The ascent of saxophonist Emma Rawicz has been meteoric. Born in rural north Devon in 2002, as a child she studied classical violin and didn’t take up saxophone until her mid-teens, but by 2022, aged 20, she was on the Royal Academy of Music jazz course and had released her debut album, Incantation. She was also a multi-award nominee and winner – a finalist for BBC Young Jazz Musician 2022 and elsewhere acclaimed as newcomer of the year. The latter seems amusingly outdated given that in 2023 she released her second album, Chroma, and was already internationally acclaimed.
‘I would find an unusual colour online. I’d look at it for a really long time and then suddenly I’d start hearing music and ideas and then I’d use those ideas to create the pieces’
She describes herself on Instagram as “Emma Rawicz (ra-vich), noise architect”. That might sound like another of those fanciful slogans that abound in the arts but in her case it describes a reality: the visual dimension implied by “architect” actually informs her music. Rawicz has chromesthesia, a type of synesthesia, meaning she sees specific colours when she hears certain sounds. This inspired her approach to writing for Chroma, on which all but one of the tracks are named after obscure colours such as rangwali and viridian. “I would find an unusual colour online,” she says. “I’d look at it for a really long time and then suddenly I’d start hearing music and ideas and then I’d use those ideas to create the pieces, so it was a new way of composing.”
This might sound rather abstract but in fact Rawicz’s music is solidly structured and rhythmically propulsive, often reminding of the fusion and hard bop associated with such as Michael Brecker, though she reckons she listened most to Joe Henderson and Wayne Shorter. She’s clearly delighted with the latest record, featuring Ivo Neame (piano), Ant Law (guitar), Conor Chaplin (bass), Asaf Sirkis (drums) and Immy Churchill (vocals). She says: “The most exciting thing about playing improvised music is everyone having their own voice come across and I’m very happy that the band have been able to express their identities, that the compositions are imbued with their ideas. That’s something I was aiming for with the tunes and I think it happened really well.”
Growing up, Rawicz (the name came from her Polish paternal grandfather, who arrived in England in the 1940s) didn’t differentiate between different kinds of music, but when she began playing jazz it offered something other music didn’t. “I found all music, whether it was pop or rock or classical, really fascinating and I didn’t draw a distinction about what was cool and what was popular and what wasn’t,” she says of her childhood listening. “But when I discovered jazz it grabbed me because it felt like a music I could enjoy listening to and enjoy playing just as much and that was a balance I hadn’t found [before].”
She had heard a big band at a Dartington festival as a younger child. She didn’t know it was jazz, but loved what she heard. “I just knew I loved the sound and in particular the saxophones in the band. I got my first saxophone (it was an alto) at around 14 and the teacher at my school was purely a classical sax teacher. She wanted me to take the ABRSM sax exams and so my repertoire was all classical at this stage. Within a few months I moved to another teacher, Jon Gillies, who, when I asked a few months after starting with him, agreed to teach me a bit of jazz as well as the classical sax I was originally enrolled with him for.”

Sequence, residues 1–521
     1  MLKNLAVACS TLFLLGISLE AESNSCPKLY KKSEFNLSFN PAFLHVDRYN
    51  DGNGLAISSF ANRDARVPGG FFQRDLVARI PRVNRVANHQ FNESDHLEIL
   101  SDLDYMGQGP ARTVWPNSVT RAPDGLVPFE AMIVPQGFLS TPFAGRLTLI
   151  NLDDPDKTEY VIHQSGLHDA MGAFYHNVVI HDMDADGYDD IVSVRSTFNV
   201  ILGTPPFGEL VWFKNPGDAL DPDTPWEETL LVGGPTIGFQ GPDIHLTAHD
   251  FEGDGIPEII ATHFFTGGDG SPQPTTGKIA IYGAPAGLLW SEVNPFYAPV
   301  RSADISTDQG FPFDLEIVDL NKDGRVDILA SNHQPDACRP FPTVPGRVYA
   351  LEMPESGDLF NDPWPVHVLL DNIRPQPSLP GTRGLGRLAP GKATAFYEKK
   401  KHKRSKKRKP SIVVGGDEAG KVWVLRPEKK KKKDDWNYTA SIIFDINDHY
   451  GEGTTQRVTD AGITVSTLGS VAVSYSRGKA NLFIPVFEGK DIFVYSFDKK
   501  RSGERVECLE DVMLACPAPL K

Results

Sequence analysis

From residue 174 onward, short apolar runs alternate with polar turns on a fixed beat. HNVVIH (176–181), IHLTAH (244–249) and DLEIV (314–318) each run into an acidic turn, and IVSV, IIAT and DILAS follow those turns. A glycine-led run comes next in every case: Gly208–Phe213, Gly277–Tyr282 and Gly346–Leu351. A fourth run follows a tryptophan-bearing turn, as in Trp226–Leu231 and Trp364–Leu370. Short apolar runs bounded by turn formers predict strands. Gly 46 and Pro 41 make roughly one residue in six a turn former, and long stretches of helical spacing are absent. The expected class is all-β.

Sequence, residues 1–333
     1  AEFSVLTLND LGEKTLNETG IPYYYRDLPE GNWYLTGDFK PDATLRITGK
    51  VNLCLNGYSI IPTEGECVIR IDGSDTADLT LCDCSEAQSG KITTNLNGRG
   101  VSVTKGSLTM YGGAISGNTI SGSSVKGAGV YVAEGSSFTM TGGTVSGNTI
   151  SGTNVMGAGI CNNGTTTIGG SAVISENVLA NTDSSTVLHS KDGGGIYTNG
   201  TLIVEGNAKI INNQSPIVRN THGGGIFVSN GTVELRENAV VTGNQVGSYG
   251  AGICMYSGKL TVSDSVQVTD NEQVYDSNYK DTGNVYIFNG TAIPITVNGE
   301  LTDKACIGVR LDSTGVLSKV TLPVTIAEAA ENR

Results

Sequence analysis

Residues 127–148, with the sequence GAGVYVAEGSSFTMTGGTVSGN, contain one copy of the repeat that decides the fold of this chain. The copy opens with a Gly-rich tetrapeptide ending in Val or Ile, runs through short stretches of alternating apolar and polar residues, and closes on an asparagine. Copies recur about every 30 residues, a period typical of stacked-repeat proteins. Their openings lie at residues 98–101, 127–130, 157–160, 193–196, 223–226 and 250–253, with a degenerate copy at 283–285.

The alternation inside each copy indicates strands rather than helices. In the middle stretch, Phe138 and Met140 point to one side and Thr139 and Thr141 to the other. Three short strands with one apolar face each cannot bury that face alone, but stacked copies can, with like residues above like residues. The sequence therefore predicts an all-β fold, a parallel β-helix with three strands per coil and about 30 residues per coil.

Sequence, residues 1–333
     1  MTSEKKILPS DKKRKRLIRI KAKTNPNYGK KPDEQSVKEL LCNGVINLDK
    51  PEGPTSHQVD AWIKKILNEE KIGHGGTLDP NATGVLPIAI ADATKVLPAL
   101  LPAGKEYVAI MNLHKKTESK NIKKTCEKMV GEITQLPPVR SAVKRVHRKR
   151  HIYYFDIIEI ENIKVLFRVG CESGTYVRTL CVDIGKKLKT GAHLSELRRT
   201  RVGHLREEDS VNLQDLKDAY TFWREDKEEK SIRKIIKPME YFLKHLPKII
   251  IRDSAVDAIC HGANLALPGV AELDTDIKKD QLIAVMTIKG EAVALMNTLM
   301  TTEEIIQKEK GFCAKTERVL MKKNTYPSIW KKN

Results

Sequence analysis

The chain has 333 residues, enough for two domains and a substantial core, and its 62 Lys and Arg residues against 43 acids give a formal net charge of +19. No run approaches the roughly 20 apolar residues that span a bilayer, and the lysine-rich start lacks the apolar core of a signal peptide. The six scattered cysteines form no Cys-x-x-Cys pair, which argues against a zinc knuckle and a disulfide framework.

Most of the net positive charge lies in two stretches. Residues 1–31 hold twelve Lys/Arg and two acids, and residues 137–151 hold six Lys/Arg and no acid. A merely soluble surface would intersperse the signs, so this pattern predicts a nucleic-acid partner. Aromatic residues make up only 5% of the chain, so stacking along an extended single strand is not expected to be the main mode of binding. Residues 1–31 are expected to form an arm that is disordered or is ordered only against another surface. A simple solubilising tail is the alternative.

However, it was her experience from age 15 at the Junior Guildhall School of Music and Drama in London that really opened her eyes – and ears – to jazz. She would go on Saturdays by train from Devon. She says “This was my first serious exposure to jazz in terms of playing it or listening to it in any serious way. I very quickly decided that I wanted to play tenor sax and managed to get one part way through that academic year. I auditioned for Chetham’s on tenor sax and went there aged 16 to study for my sixth form.”
National Youth Jazz Collective courses in 2017, 2018 and 2019 were also formative. “The main thing for me that was valuable was getting to meet other people my age who were really interested in jazz because growing up in rural north Devon most people weren’t. All of a sudden I was in this great environment with people my age who also loved it and that was great.” After Chetham’s, where her sax teacher was the renowned Iain Dixon, she went to the Royal Academy of Music in London, taught by Tim Garland and Julian Siegel.
As well tenor, Rawicz plays bass clarinet and flute on Chroma, and her soloing is scintillating. “A lot of the time I’m not thinking about the notes I’m going to play as much as how I’m going to respond to what the other people in the band are doing so I get ideas from the way Ivo might be playing a chord or the way Asaf might be playing a rhythm. It’s not conscious, like ‘I’m going to play this note on this chord’ or ‘I’m going to play this rhythm’ – it’s mostly intuitive, which is fun. But it makes it difficult to explain!”
She acknowledges that presenting new music to her band can be nerve-wracking. “[They’re] really experienced and have played with some of the best musicians in the world so it is a bit scary presenting a new musical idea to them. I normally give them the music on manuscript paper but if I can play the general idea on the piano or even sing the groove to give them an idea about it, then I will do that as well and then we play it and see what happens. But sometimes I’ll have a really specific idea in mind and I might say ‘This is what I thought of when I was writing this, let’s see if it comes out that way.’ But if it doesn’t that’s fine.”
Several tracks feature Immy Churchill’s vocals. Rawicz herself sang on Incantation, her 2022 debut album. “The only reason there were vocals on the first album was because when we recorded all the instruments I realised there was this nice vocal quality to some of the music and I kept singing along as we were listening back to the takes. I decided it would sound better with voice on the top but of course I hadn’t asked a vocalist so I had to do it myself!”